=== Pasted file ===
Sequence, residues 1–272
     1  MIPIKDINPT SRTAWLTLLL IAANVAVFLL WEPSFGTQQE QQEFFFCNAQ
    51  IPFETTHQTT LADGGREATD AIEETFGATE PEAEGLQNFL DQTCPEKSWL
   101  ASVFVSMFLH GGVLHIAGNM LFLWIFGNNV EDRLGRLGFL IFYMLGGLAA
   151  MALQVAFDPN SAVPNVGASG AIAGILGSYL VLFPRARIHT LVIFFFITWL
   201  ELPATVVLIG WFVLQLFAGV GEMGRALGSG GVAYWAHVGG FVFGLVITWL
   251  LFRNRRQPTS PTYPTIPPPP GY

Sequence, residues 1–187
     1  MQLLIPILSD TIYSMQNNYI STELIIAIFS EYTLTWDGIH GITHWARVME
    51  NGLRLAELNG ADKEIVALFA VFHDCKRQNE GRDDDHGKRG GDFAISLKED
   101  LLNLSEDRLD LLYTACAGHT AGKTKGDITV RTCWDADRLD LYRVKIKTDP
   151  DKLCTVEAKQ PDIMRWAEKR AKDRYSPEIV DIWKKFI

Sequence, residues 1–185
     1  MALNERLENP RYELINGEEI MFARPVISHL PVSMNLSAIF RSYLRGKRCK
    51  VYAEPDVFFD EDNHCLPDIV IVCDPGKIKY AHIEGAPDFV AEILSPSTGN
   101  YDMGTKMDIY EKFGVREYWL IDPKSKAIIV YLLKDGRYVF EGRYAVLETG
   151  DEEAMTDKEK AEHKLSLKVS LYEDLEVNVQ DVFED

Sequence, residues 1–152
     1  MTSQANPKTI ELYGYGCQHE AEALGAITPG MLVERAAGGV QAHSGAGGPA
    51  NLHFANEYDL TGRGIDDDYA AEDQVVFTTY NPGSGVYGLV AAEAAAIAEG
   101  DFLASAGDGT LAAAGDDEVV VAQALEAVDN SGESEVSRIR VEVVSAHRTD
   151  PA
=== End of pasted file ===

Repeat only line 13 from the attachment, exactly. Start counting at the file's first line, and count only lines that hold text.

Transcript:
Sequence, residues 1–185